HIDALGO — Come fall, twins Anthony and Luis Donaldo Pulido will be living their dreams and attending universities in New York.
The siblings will soon graduate from a class with a 100 percent college acceptance rate at IDEA Weslaco.
During IDEA’s College Signing Day on Wednesday, the Weslaco Colts, Frontier Chargers and Quest Blazers announced their future plans on stage at the State Farm Arena. Pupil after pupil stepped on stage to unravel their college banner.
Since seventh grade, the fraternal twins have studied at IDEA, which they say has inspired them to “reach higher” and “dream bigger.”
Among the 849 graduates, 450 are first-generation college students. They will attend 313 universities across the country, and $41 million in scholarships were awarded.
In 2008, the public school district established Give Me 5 — a staff-funded campaign for students in need of scholarships and emergency loans.
Several students from the IDEA class of 2018 received the scholarship; contributors — teachers, counselors, and administration — received a moment of recognition at the ceremony.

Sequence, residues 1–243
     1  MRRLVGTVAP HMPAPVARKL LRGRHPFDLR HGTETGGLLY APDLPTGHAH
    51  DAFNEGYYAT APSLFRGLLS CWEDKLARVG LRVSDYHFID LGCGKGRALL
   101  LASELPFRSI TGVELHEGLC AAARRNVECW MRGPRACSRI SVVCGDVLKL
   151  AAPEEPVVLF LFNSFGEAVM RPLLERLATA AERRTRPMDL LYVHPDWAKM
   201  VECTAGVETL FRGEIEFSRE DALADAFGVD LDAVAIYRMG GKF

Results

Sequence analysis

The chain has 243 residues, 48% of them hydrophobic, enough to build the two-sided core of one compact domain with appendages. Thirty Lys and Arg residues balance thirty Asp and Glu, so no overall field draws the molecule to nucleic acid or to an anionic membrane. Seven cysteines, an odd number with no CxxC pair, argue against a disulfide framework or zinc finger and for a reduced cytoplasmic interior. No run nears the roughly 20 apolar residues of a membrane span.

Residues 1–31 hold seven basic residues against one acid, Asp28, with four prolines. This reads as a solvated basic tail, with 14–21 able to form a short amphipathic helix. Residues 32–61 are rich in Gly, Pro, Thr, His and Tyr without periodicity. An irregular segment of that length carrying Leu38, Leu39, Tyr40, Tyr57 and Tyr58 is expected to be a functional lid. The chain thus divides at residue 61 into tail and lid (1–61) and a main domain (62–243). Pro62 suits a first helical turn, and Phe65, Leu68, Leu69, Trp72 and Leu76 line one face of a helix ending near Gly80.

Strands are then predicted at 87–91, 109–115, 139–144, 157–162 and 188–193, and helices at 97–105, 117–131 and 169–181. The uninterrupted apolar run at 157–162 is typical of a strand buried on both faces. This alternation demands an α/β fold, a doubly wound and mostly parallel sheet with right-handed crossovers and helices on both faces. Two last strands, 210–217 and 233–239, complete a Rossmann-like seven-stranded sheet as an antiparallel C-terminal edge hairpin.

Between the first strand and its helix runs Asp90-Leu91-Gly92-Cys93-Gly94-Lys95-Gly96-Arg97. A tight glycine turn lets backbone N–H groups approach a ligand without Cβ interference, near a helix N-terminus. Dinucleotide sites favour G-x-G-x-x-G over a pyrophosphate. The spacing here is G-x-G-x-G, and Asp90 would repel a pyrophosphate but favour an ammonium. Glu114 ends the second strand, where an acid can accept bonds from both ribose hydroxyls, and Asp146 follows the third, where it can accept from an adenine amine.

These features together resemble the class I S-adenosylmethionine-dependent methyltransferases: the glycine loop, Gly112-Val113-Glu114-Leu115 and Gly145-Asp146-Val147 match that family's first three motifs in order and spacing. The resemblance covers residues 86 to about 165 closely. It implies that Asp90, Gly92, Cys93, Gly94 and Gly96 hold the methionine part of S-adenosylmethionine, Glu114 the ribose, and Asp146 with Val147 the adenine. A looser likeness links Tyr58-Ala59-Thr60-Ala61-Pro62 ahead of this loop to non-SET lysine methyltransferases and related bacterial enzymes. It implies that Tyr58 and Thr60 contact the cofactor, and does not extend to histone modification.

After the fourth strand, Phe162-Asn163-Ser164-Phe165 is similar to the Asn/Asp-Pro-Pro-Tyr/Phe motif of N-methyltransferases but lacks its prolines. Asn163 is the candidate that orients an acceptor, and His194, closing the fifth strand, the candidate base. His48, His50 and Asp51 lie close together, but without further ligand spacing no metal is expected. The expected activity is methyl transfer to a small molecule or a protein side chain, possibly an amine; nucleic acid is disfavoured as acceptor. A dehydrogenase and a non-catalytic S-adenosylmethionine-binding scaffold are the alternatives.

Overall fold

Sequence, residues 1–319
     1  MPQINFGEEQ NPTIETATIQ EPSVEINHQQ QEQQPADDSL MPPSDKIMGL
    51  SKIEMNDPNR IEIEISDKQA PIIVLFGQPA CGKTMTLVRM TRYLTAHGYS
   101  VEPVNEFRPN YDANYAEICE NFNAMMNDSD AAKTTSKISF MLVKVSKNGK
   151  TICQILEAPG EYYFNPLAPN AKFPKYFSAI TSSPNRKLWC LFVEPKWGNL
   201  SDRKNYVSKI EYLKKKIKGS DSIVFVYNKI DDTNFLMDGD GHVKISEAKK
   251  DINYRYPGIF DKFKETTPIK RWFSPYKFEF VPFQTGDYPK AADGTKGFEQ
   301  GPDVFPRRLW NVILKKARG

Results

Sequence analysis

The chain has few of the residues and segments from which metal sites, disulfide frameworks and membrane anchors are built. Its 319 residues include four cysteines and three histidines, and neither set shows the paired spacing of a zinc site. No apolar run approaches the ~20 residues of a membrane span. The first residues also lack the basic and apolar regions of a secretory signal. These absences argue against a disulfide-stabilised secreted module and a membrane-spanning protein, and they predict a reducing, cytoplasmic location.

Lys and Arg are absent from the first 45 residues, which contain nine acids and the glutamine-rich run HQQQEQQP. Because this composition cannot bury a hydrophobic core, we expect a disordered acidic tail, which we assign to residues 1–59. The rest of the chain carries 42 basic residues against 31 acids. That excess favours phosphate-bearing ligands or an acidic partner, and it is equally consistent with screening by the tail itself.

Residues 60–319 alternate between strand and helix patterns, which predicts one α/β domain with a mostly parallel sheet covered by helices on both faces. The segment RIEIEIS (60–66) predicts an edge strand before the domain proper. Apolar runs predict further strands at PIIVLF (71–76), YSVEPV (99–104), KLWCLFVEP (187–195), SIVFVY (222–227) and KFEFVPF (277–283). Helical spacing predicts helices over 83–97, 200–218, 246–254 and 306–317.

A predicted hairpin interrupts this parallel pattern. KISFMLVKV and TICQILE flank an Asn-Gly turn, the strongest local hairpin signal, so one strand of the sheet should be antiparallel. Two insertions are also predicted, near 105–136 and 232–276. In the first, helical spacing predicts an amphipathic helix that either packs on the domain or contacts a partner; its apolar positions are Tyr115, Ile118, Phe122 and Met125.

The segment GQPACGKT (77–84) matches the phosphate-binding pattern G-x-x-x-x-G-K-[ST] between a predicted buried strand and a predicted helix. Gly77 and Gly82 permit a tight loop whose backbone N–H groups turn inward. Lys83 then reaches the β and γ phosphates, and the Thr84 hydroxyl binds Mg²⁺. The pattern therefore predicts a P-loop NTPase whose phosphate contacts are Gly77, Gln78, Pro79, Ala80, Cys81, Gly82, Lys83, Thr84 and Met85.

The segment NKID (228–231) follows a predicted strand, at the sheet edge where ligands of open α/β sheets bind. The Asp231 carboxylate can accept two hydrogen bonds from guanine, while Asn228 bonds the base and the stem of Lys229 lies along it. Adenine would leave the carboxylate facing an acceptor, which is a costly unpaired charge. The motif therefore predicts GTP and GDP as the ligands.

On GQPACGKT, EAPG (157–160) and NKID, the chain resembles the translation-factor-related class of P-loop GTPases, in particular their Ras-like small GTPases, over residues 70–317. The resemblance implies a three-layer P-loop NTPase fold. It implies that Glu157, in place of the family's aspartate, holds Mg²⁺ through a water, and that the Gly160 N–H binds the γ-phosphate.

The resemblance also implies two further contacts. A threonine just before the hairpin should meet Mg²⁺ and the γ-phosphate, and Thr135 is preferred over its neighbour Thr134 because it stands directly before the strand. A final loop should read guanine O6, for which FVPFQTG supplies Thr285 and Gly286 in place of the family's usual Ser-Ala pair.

Middle and elementary students of IDEA were bussed to the stadium and kept the energy high through cheers and a crowd wave. Many brought homemade signs congratulating their loved one and a few blown-up senior portraits were spotted.
Parents walked the floor with their graduate, preceded by cheerleaders and the band.
“Nobody graduates alone,” said IDEA CEO Tom Torkelson. “We know it takes an entire Rio Grande village to raise a graduate.”
To ensure college entry, students were required to apply to five universities. Luis Donaldo and Anthony said they applied “everywhere.”
“It was a lot of hard work, but honestly it was worth it,” said Luis Donaldo. “It’s a good feeling knowing you worked for it.”
Luis Donaldo will attend LIM College to major in business, while Anthony will attend Adelphi University to study marketing.
Other students will attend Brown University, The University of Texas Rio Grande Valley, Columbia University and Rice University. One colt will join the Marine Corps after studying for the summer at South Texas College.
Through the stress of exams, applications and general high school life, the pair said they were each other’s support system.
“It was really a team effort,” said Anthony, who was born a few minutes earlier.
Before reuniting with their families, the students reached under their seats for a clipboard containing a contract dedicating themselves to a timely college graduation.
IDEA President Joann Gama shared a message with the young adults on the importance of having the confidence to achieve.
“You belong,” she said. “You have earned your seat and you deserve to be there just like everybody else.”